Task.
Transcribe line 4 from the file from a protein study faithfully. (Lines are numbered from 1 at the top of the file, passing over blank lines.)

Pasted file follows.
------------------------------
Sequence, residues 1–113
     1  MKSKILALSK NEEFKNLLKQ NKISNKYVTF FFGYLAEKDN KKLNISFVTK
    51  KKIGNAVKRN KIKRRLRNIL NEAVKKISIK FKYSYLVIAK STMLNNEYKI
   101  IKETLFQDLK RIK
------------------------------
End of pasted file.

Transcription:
   101  IKETLFQDLK RIK